May 2, 2022
May is Asian American Pacific Islander Heritage Month! MCA Denver Staff Shares Their Influential Artists & Creators
May is Asian American Pacific Islander Heritage Month! It is a time to honor and recognize the contributions and achievements made by Asian Americans and Pacific Islanders in this country.
In recognition of Asian American Pacific Islander Heritage Month, we asked our staff to share artists/creators who have impacted their lives or who have made an influence on arts and culture in contemporary society.
Rachel Grammes - Marketing & Content Coordinator
Ana Roxanne - Musician
Ana Roxanne is a musician I have loved for years. When I listen to her music, I feel as though time simultaneously stops and expands—her work feels like a meditation or a prayer. She combines ambient sounds with dream pop elements with electric experimentation to create a transcendent sonic experience. Her songs and lyrics examine gender and identity in such a perceptive and profoundly beautiful way.
I first fell in love with her debut EP "~~~" because of the subtle textures woven throughout and the contemplative ambiance. At first, the album was background noise, but upon listening closer you can find layers of nuance and detail: like ocean waves, poetic verses, and other natural elements. Arguably, my favorite song on the album is, I'm Every Sparkly Woman, which pulls direct lyrics and inspiration from Whitney Houston's, I'm Every Woman.
Lacey Manuel - Shop Manager & Buyer
Jennie Jieun Lee - Artist | Sculptor
One of my favorite studio classes I took in college was my hand-building ceramics class. The medium is so difficult to work with and requires great attention to detail -- which I often lacked. I always thought that instead of trying to manipulate clay into an object that looked perfect, smooth, and symmetrical, I would instead embrace the imperfections of the medium. In researching ceramicists that also worked like this, I found the amazing Jennie Jieun Lee. She challenges the conventions of ceramic sculpture by embracing the fragility and vulnerability of the material. Lee also uses a painterly approach to glaze, making each piece look like an 'intentionally accidental' abstract work. The gestural hand is seen in both the form and the color. These sculptures are so beautiful and they symbolize the freedom and exploration of art-making -- which I think is the best part of any art.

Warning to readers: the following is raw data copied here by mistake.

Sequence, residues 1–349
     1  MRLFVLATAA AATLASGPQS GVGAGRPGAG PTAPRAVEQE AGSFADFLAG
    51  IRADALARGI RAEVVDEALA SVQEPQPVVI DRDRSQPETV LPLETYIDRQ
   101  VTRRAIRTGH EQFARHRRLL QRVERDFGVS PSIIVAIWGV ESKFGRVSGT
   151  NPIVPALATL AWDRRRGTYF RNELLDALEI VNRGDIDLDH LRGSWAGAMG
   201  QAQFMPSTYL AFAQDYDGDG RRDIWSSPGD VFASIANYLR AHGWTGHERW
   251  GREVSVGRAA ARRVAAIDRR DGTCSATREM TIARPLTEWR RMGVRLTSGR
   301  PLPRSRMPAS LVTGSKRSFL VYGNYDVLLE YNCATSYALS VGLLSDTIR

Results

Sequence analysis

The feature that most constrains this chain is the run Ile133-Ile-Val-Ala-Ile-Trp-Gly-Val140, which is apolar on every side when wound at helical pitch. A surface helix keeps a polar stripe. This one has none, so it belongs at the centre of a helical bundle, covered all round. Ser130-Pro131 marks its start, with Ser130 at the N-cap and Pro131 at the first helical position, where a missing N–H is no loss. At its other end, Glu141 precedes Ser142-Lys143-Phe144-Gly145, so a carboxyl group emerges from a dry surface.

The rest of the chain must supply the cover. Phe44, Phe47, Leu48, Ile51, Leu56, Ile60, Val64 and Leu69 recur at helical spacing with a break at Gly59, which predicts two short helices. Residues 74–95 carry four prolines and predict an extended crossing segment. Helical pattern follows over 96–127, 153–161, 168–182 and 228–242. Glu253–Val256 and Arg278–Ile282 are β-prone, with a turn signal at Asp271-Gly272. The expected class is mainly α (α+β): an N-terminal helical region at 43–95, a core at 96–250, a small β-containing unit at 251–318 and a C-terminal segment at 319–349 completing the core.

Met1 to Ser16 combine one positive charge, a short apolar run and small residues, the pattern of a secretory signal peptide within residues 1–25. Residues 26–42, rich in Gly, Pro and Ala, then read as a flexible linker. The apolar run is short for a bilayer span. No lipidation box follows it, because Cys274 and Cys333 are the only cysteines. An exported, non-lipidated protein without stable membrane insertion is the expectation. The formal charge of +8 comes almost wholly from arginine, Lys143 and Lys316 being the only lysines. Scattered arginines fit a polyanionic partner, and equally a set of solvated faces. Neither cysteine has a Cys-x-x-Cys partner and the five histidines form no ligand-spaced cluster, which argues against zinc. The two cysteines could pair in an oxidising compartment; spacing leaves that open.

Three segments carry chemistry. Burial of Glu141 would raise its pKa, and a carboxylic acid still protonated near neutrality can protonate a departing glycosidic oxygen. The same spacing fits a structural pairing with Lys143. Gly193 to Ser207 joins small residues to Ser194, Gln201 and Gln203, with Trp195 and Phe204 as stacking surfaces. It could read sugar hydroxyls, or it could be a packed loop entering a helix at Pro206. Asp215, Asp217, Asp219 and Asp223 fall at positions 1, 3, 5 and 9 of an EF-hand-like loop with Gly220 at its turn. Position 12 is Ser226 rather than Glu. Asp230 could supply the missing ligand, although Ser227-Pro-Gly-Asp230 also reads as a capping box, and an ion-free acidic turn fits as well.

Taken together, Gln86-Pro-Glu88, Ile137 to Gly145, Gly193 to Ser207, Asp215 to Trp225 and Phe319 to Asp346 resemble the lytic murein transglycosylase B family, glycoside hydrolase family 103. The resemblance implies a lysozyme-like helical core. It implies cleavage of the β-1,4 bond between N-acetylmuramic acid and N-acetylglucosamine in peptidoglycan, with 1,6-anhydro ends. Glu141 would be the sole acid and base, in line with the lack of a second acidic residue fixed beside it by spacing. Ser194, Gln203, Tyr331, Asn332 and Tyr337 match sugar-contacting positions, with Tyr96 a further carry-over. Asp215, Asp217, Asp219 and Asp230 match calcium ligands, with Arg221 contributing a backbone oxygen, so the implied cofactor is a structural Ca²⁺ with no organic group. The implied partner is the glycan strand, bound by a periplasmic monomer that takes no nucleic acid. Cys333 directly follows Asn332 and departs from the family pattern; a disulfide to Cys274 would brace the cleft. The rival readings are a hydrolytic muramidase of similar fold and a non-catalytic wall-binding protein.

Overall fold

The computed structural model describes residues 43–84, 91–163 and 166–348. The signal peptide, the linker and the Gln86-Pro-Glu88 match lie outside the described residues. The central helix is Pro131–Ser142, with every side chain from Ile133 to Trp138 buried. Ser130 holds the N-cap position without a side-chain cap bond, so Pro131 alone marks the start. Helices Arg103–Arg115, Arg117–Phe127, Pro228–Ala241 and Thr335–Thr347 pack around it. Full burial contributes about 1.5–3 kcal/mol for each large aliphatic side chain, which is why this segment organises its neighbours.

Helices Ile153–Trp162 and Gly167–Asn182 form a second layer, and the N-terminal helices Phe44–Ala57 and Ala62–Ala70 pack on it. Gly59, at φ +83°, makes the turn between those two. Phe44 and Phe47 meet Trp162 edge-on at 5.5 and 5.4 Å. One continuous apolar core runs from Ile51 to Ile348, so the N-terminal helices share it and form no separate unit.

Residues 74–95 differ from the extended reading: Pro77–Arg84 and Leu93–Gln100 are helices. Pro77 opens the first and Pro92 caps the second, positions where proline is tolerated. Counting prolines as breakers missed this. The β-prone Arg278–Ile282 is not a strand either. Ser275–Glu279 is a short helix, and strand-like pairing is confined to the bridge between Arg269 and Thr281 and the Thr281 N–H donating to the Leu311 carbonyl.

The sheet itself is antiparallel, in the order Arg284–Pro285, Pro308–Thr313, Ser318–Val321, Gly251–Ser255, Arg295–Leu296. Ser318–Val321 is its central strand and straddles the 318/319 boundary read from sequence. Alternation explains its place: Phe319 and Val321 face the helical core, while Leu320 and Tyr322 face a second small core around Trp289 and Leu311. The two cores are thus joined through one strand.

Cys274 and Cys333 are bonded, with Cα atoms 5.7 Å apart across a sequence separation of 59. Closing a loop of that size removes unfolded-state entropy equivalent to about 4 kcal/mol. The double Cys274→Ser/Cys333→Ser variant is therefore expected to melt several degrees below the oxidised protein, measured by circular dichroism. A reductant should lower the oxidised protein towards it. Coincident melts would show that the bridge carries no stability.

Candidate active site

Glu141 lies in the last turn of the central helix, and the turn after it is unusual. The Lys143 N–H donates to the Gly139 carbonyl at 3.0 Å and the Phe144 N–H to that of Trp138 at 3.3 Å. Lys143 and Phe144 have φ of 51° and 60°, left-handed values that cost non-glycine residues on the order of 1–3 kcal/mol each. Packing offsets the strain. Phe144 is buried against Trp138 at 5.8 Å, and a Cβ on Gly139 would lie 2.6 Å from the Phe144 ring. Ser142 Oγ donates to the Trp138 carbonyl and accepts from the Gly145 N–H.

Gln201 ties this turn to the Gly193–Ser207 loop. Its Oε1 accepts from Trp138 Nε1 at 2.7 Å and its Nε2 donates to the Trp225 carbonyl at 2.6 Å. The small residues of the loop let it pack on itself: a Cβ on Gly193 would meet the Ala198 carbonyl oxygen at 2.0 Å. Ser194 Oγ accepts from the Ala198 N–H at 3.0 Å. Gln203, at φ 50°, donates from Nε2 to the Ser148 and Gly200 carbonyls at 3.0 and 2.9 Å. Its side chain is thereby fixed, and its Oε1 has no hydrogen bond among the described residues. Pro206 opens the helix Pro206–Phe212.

Tai Bickham - Marketing & Community Specialist
Daniella Zalcman - Photographer | Founder & Executive Director of Women Photograph
Daniella Zalcman is a notable photojournalist based in New Orleans, LA. Her lens often focuses on the legacies of western colonization, from the rise of homophobia in East Africa to the forced assimilation education of Indigenous children in North America. Her work can often be found in publications like National Geographic. I am sharing a project that Zalcman founded in 2017, Women Photograph, whose mission is to “shift the makeup of the photojournalism community…” and “ believe that inclusion and equity work must be fully intersectional, and are committed to supporting and highlighting photographers across the spectrum of all identities.” Read the full mission statement here.
I follow the organization on Instagram, and along with being able to experience the work and amazing storytelling of international artists in photography, it is great to see an organization by an artist of color that brings visibility, inclusivity, and accessibility to women and non-binaries of color to a craft that can be very white male-centric.
Cyrena Rosati - Gallery Attendant
Susie Ibarra - Musician
Susie Ibarra is a Filipino-American avant-garde percussionist who blends genres like jazz, classical, or electronic with traditional Filipino musical styles. She has some really interesting albums, including Flower of Sulphur, 2018, with YoshimiO from the Boredoms/OOIOO, and artist Robert Aiki Aubrey Lowe, also known as Lichens.